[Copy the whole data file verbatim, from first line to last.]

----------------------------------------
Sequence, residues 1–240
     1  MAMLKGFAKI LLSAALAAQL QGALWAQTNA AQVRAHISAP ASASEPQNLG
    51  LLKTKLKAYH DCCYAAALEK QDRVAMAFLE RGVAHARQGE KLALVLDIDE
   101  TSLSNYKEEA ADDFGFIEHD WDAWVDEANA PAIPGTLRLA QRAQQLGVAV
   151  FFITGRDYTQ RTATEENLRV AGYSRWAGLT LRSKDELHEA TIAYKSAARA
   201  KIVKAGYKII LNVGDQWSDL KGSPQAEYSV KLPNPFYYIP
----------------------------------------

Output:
Sequence, residues 1–240
     1  MAMLKGFAKI LLSAALAAQL QGALWAQTNA AQVRAHISAP ASASEPQNLG
    51  LLKTKLKAYH DCCYAAALEK QDRVAMAFLE RGVAHARQGE KLALVLDIDE
   101  TSLSNYKEEA ADDFGFIEHD WDAWVDEANA PAIPGTLRLA QRAQQLGVAV
   151  FFITGRDYTQ RTATEENLRV AGYSRWAGLT LRSKDELHEA TIAYKSAARA
   201  KIVKAGYKII LNVGDQWSDL KGSPQAEYSV KLPNPFYYIP